Iain Banks, Author Of The Culture Series, Dead At 59

Rest in peace, Iain.

By Nick Venable | Updated

banksAs time passes, so do the people who make that time worthwhile. Today marks the sad passing of one of the most treasured minds in modern science fiction. Iain Banks –- or Iain M. Banks, depending on what book cover you’re looking at –- passed away in the early hours of Sunday, June 9, 2013, another victim of the evil bastard that is cancer. He’d only announced the diagnosis in April, disclosing he probably wouldn’t survive a year. Just over two months later, the world mourns his passing.

Born in 1954 in Fife, Scotland, the Banks first found acclaim with his debut novel, the 1984 thriller The Wasp Factory, but he is best known for his Culture series of novels and stories, which began in 1987 with Consider Phlebas. The Culture novels achieved such international success due to the accessibility of Banks’ writing style and his unique sense of humor, which allowed his densest sci-fi to be just as relatable as his more mainstream works. His 1994 novel Feersum Endjinn won the 1994 British Science Fiction Association Award, and his 2004 novel The Algebraist was a 2005 Hugo Award nominee, but those are just the more prominent entries in his long list of accolades.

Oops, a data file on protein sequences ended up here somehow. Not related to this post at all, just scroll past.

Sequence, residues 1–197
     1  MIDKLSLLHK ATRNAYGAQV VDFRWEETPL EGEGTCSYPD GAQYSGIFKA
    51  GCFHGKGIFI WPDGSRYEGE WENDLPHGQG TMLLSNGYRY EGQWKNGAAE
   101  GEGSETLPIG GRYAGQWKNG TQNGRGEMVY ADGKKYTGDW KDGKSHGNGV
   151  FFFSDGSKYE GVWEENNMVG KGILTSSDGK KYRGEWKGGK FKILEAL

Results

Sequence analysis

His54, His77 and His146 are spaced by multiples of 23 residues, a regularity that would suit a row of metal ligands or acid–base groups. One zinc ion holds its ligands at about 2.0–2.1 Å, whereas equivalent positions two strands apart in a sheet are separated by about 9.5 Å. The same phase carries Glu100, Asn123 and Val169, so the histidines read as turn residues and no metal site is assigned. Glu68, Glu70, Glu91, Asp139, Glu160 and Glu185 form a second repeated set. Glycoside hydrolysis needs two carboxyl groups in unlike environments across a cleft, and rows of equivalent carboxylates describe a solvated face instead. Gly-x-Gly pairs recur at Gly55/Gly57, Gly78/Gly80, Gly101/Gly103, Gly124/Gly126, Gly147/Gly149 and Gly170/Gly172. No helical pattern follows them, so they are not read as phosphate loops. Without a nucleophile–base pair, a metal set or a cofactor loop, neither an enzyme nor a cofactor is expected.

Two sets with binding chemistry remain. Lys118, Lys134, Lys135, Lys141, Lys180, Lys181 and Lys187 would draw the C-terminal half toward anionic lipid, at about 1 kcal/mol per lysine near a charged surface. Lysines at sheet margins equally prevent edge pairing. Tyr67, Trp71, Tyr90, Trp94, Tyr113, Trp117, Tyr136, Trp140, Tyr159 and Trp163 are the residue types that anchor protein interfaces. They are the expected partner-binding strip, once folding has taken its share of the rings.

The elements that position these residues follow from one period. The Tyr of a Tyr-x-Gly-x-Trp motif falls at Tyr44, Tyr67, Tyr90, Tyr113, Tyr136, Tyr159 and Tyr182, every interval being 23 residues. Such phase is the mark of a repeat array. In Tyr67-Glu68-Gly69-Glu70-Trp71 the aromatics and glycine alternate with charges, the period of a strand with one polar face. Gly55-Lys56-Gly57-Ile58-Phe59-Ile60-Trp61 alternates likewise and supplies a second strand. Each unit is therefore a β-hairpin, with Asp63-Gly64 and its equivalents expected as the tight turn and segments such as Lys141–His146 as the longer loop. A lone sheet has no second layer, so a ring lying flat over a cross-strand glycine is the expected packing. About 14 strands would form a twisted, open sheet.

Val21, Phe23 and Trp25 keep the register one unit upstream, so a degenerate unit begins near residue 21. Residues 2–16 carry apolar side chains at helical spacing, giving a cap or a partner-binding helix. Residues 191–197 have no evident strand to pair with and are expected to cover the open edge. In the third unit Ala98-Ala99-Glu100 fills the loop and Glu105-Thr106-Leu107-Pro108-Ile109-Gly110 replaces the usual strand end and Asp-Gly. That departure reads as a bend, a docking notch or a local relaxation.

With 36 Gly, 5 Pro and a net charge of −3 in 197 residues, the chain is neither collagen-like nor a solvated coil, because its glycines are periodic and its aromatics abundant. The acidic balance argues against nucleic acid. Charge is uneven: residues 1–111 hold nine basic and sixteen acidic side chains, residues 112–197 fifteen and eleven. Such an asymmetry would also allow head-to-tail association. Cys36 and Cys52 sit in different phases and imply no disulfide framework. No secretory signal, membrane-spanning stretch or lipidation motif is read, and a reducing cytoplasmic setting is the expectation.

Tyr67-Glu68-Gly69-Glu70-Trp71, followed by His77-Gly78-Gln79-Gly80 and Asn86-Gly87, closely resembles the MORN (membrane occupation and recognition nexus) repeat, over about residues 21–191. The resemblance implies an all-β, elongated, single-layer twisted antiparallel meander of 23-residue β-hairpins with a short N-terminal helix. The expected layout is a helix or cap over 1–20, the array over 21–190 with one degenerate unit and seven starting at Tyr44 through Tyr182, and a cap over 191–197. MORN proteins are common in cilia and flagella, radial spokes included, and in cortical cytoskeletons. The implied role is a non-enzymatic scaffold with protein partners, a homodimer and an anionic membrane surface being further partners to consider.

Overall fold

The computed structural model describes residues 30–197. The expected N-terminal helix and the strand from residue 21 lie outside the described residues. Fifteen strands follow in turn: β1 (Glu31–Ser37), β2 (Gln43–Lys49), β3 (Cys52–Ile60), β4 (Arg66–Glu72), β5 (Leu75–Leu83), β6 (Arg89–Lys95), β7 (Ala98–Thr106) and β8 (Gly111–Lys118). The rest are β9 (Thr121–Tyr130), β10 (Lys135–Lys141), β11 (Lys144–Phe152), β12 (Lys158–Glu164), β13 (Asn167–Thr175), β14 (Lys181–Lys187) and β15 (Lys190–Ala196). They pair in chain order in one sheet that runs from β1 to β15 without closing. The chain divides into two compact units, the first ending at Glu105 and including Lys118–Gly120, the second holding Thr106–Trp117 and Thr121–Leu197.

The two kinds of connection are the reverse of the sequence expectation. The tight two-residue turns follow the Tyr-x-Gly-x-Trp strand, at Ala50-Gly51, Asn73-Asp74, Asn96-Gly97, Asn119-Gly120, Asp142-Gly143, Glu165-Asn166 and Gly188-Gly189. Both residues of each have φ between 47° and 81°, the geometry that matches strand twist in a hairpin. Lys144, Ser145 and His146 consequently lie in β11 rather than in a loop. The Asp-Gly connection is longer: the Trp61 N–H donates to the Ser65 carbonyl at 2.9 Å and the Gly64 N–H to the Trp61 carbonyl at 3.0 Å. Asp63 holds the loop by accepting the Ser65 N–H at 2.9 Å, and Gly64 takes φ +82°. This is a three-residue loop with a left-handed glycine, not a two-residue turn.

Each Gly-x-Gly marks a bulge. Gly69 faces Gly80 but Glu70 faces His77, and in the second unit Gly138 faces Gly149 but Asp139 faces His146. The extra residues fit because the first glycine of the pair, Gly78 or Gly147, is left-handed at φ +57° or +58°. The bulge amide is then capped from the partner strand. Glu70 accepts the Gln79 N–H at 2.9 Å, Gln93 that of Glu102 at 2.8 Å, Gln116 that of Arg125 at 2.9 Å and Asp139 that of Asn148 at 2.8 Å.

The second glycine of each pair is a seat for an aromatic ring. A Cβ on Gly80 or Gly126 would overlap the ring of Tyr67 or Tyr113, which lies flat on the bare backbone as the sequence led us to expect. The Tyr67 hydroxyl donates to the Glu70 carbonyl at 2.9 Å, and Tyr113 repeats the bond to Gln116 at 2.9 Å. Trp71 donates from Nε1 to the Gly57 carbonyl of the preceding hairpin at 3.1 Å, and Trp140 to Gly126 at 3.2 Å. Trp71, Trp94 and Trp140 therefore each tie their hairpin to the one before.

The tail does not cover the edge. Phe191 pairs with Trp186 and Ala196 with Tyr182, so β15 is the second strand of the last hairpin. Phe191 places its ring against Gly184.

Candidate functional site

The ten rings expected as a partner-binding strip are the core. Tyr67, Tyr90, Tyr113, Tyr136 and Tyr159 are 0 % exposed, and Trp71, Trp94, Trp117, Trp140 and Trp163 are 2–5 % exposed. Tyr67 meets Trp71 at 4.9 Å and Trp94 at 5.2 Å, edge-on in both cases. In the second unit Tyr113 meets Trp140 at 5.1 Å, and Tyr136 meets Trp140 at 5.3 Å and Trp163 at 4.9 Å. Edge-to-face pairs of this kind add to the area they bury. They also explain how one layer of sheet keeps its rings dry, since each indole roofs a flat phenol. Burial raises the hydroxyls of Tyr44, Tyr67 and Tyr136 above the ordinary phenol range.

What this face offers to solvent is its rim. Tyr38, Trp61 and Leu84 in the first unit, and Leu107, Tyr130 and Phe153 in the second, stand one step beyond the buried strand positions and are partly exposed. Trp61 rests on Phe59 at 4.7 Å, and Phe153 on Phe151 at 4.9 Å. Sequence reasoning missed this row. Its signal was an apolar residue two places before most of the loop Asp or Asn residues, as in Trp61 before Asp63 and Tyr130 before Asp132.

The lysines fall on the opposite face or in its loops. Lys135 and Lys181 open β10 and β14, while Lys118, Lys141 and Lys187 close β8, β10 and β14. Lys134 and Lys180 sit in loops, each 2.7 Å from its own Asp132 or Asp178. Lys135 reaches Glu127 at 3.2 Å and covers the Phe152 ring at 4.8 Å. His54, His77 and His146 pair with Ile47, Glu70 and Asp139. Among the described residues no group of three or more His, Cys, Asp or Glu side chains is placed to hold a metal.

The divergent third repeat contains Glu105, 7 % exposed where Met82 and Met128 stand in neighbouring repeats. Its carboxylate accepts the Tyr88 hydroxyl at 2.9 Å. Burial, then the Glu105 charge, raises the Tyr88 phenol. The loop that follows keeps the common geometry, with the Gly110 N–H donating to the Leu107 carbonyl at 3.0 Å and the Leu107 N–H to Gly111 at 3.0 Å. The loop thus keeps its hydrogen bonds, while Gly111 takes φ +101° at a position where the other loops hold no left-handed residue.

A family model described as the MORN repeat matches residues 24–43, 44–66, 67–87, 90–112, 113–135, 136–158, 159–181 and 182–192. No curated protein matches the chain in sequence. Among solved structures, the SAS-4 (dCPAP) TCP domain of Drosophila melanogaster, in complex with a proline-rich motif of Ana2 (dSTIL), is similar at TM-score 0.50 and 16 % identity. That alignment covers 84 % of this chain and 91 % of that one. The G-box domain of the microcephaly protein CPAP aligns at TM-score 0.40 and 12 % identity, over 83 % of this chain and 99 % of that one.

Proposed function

His next book, The Quarry is set to hit bookstores on June 20, its release rushed at Banks’ request, but not soon enough that he was able to see it for himself. The novel takes place over the final weeks in the life of a man dying from terminal cancer, detailing the physical and emotional woes that come with it. He was only 10,000 words from completion when he found out about his own illness, so it’ll be interesting to see if there’s a tonal shift towards the end.

Along with Jack Vance’s recent passing, Banks’ death will leave a very particular void in the science fiction collective.

His wife Adele left a message on the website Banksophilia that states Banks’ death was “calm and without pain.” And you’ll have trouble convincing me he didn’t have the slightest grin on his face when it happened. With any luck, when A.I. technology gets more advanced, some company will pay their respects by naming themselves Artificial Iaintelligence. Giant Freakin’ Robot sends out condolences to the Banks family and friends for their loss.

Below is the BBC segment “Five Minutes With…” dedicated to Banks, which aired around six months ago.